Vaccinated people are well protected from getting sick, but could they inadvertently transmit the coronavirus?
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The COVID-19 vaccines are a smash success. But that doesn't mean they keep every vaccinated person completely free of the coronavirus.
Will new guidelines on how to protect front-line workers acknowledge the coronavirus can spread via the air we breathe? It's time they did.
COVIDSafe was only able to detect a handful of cases successfully, but that doesn't mean Bluetooth isn't a helpful tool for addressing viral spread.
Our buildings and cities were not designed to handle a pandemic. But countries around the world are coming up with design ideas, some high-tech and some more basic, to reduce the infection risks.
Investigations are continuing into the case of a returned traveller in NSW who tested positive to COVID two days after leaving hotel quarantine. Could they have had an abnormally long incubation period?
Super-spreader events typically have the 'three Vs" in common: indoor venues, poor ventilation and vocalisation. But many buildings frequented by the public lack ventilation or the means to monitor it.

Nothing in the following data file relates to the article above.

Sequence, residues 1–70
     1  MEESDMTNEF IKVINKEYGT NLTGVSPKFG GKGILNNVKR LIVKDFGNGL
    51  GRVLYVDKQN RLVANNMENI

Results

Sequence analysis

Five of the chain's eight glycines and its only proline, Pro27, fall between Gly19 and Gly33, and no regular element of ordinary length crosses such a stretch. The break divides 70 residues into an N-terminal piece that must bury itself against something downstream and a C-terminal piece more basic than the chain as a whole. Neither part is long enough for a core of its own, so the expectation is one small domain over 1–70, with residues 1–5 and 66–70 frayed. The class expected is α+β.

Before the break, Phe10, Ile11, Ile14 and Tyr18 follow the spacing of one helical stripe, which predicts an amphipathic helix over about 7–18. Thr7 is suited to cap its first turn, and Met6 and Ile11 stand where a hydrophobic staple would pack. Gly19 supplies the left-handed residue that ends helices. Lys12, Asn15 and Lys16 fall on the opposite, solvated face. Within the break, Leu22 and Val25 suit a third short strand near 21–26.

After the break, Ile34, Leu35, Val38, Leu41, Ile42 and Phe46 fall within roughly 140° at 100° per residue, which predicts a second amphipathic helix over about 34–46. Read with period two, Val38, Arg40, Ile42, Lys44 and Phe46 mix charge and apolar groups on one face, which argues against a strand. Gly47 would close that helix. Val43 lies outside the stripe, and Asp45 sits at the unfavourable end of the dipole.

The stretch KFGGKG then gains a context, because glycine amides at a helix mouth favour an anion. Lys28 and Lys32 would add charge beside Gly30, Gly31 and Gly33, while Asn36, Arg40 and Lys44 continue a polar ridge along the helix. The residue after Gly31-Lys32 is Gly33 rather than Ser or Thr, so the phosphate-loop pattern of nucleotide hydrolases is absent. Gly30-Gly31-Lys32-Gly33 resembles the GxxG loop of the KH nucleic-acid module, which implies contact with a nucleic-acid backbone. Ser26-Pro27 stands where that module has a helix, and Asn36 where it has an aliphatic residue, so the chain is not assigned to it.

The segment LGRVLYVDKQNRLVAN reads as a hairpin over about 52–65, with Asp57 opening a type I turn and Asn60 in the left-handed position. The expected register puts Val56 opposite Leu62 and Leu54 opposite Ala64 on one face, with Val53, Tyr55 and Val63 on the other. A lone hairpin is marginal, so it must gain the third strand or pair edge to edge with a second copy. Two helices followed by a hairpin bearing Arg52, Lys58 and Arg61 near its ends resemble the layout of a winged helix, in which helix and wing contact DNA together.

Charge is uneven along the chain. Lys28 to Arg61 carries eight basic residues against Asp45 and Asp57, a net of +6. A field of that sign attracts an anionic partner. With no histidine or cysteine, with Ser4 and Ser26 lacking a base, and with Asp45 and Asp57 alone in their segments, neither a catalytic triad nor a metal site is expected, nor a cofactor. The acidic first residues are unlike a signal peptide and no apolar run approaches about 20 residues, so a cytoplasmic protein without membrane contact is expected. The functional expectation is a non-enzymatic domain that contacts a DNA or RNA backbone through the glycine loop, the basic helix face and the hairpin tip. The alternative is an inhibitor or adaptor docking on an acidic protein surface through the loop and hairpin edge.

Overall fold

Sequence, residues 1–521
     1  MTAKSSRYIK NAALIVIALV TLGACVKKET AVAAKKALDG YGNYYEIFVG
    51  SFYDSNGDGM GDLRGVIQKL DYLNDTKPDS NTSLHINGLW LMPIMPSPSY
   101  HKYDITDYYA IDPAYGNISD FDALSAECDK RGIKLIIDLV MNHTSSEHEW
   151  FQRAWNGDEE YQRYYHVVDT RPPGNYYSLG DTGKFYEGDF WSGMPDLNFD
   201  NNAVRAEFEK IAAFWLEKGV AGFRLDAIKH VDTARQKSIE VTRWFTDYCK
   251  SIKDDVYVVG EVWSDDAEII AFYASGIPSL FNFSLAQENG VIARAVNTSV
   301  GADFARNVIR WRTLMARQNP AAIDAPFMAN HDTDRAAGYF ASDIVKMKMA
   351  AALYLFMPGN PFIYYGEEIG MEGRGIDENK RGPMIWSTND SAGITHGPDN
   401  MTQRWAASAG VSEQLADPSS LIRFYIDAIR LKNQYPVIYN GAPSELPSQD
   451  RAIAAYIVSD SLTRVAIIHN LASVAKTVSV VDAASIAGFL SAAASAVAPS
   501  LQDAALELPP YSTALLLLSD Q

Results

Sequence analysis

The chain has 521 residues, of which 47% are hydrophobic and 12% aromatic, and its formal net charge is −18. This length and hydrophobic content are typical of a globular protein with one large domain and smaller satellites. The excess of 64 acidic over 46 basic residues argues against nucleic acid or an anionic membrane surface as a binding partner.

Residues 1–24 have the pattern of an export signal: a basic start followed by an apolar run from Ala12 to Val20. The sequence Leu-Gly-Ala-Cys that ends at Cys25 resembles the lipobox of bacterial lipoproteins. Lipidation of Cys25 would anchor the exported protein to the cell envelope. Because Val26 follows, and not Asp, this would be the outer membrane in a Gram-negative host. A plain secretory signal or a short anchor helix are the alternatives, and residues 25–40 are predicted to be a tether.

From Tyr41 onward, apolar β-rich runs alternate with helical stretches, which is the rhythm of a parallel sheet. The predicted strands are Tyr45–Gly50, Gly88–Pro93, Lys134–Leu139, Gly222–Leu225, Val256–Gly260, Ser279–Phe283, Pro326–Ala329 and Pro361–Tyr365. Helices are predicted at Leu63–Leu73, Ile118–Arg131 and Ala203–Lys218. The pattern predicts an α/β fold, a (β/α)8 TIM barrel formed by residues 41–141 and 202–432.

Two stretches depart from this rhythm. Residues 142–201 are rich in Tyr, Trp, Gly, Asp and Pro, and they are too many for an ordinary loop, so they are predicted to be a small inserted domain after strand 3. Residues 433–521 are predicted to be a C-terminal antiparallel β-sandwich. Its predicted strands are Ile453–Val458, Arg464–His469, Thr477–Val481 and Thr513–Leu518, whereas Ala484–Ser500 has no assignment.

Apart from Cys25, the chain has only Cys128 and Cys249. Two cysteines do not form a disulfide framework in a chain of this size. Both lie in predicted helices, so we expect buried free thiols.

Hard evidence on how much coronavirus transmission occurs on transport is hard to come by. But there are ways to reduce your risk.
Ordinary food coloring suspended in tiny droplets in the air can generate oxygen free radicals that collide with airborne virus particles.
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Aerosols of some FDA-approved food coloring could deactivate airborne viruses.
Ongoing testing, say the authors, is critical to bringing back amateur sports.
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Our experts offer safer ways to bring back amateur sports.
Because of coronavirus, you can expect changes when visiting the doctor.
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Many people delayed routine doctor visits during social distancing. Now that distancing guidelines have eased, people still are concerned about going to the doctor. Here, two doctors offer guidance.